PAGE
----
How to Run Uphill | Best Strategy for Running Up Hills


  • New research published in the European Journal of Applied Physiology asks the question: Is it more efficient to walk or run up a steep hill?
  • While the answer relies on your aerobic fitness level and the steepness of the hill you encounter, switching back and forth between walking and running, based on your rate of perceived exertion, may be your best bet.
  • Incorporating hill repeats into your regular training will also help hills feel easier in general.

    In the midst of your steady-paced run, you see a monster hill looming ahead. What’s the best strategy here? Walking might slow your tempo way down, but running could burn up your energy, making you more likely to hit the wall sooner.

    According to several studies, your approach should rely on two big factors: your aerobic fitness level and the steepness of the hill.

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    Research done at the Applied Biomechanics Lab in the University of Colorado and published in the European Journal of Applied Physiology found that uphill walking and running are each unique in terms of biomechanical variables. That means running isn’t just faster walking; you actually change your center of mass, foot-to-ground contact time, leg swing time, and general stride. That study’s lead author, Rodger Kram, Ph.D., told Runner’s World that, in general, many runners choose to run up hills even though walking requires less energy.

    “We think this is because walking uphill is harder on certain muscles than running, such as the calves,” he said. “Previous research has shown that on a 30-degree slope, running requires less muscular effort, specifically in the calves. That is an advantage over walking.”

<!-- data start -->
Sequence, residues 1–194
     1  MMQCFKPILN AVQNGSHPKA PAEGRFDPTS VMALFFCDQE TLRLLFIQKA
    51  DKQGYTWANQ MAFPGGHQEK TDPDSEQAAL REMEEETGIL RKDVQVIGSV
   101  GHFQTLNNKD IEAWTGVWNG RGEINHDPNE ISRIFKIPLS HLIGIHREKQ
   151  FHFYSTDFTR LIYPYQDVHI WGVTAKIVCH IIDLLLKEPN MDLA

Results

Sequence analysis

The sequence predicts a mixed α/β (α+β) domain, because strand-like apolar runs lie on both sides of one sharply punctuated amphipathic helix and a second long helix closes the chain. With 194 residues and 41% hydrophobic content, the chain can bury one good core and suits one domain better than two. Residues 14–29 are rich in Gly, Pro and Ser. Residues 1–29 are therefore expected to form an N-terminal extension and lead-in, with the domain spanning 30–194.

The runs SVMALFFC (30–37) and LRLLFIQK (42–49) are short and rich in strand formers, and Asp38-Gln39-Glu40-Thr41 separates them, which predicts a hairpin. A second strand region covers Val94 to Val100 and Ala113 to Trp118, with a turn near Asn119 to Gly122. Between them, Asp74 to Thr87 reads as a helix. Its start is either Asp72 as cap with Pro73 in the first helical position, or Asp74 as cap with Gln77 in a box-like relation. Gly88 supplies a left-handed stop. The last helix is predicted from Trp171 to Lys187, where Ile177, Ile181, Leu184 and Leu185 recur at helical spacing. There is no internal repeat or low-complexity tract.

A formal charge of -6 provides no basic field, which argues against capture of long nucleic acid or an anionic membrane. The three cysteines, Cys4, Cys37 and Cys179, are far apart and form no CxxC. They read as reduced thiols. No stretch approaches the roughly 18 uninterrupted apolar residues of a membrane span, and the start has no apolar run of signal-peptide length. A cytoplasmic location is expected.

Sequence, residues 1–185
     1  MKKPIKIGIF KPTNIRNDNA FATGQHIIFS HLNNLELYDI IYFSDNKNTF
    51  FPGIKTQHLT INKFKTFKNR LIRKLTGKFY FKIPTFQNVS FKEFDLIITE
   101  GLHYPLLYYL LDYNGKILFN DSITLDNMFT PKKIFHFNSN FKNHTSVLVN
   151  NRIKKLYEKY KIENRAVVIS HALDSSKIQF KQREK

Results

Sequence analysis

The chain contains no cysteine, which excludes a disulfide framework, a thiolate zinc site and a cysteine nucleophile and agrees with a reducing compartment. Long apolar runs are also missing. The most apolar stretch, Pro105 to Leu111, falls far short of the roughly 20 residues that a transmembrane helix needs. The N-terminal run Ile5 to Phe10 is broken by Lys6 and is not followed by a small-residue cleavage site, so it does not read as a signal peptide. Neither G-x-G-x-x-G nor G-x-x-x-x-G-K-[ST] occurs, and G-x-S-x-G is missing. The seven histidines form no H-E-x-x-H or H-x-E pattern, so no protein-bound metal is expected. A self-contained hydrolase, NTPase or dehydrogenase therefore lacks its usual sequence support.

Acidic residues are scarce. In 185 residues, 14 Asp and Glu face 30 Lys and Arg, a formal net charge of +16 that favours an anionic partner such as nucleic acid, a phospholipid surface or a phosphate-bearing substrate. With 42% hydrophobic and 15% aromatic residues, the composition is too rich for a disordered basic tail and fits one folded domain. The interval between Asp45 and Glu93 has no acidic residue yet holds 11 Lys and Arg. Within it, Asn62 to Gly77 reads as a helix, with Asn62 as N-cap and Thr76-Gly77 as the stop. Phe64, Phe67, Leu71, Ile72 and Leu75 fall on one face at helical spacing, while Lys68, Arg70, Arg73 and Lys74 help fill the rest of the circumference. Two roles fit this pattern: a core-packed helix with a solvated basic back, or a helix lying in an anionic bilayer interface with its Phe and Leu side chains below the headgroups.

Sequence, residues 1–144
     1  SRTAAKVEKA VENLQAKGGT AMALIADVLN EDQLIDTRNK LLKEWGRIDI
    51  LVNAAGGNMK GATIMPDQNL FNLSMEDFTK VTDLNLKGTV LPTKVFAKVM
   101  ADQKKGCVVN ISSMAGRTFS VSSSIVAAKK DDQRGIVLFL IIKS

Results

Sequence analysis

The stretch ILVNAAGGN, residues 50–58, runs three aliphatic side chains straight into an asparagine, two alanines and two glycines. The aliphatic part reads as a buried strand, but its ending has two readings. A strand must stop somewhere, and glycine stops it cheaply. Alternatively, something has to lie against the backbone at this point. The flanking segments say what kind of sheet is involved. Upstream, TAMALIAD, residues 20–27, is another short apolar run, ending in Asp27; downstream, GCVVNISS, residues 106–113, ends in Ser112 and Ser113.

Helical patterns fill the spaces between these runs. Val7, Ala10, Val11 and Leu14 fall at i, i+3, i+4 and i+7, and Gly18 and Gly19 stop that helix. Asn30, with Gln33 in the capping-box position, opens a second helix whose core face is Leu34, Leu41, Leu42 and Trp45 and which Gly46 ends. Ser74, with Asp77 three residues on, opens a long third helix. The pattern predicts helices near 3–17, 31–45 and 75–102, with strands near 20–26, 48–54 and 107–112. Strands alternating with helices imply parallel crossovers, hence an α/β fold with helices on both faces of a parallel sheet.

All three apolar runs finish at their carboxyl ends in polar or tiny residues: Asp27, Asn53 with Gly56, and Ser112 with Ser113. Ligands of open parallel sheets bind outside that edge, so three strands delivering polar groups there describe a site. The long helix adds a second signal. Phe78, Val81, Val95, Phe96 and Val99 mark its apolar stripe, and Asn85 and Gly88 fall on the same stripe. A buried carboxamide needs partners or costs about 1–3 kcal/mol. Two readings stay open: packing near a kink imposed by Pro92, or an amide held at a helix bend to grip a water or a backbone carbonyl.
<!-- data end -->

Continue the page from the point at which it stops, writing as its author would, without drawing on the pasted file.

That’s not true only on hills, added running coach and physical therapist Carol Mack, D.P.T., C.S.C.S., who told Runner’s World that running is a “bounding movement,” where the lower body uses force from the ground to repeatedly propel itself from one leg to the other. Walking is done by repeatedly moving our center of mass over one leg, then the other. In walking, there’s always at least one foot in contact with the ground, but in running, there’s a short period where neither leg is in contact, she said.

    Running might give you that bouncing movement and aerial lift even on a hill, but keep in mind that bonk factor is at play unless it’s a short hill. Walking requires less overall aerobic energy, which is an advantage over running, according to study coauthor Clarissa Whiting, undergraduate student in the University of Colorado’s Locomotion Laboratory.

    “We think switching back and forth between gaits gives the benefits of both,” she said, adding that it helps to use rate of perceived exertion (RPE) to determine when to switch from walking to running. “Basically, choose the gait that feels the best, and don’t be scared to alternate back and forth.”

    If you’re facing a really steep hill, though, that advice changes. If you’re over 30 degrees in incline—basically a black diamond ski slope or a Vertical Kilometer race—Kram said everyone except world-class mountain runners will choose to use less energy by walking.

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    How to Incorporate Hill Training into Your Runs

    One caveat to the recent study, and several other similar studies, is that they tend to use high-level mountain or trail runners as participants, said Mack. So how can beginner runners or road runners who simply encounter a few hills occasionally apply the study results to their training?

    Recommendations for running versus walking uphill should be individualized to each runner, route, and situation, Mack suggests. That said, doing hill repeat workouts can help build your strength and endurance, and also make those slopes less intimidating when you encounter them, she said.

    “It’s important to have a plan,” she said. “I think people get into trouble when they aren’t sure what to do. They try to run just because they think they should, and then their legs are fatigued for the rest of the time.”



    A better strategy, Mack said, is to start training by walking the hill and saving energy to run the flatter sections at a fast pace. Over time, begin to train for hills by reducing the walking time and alternating between running and walking.

    Although it seems like training would progress eventually toward sprinting uphill, that’s not actually the case, added another study coauthor, Jackson Brill, graduate student at the University of Colorado’s Locomotion Laboratory.

    “Few runners train by fast by uphill walking, but they probably should if they want to race fast up steep hills, because it’s better to use both gaits in your training,” he told Runner’s World. “That way, you improve strength—especially in your calves—and that can make a difference when you’re racing.”

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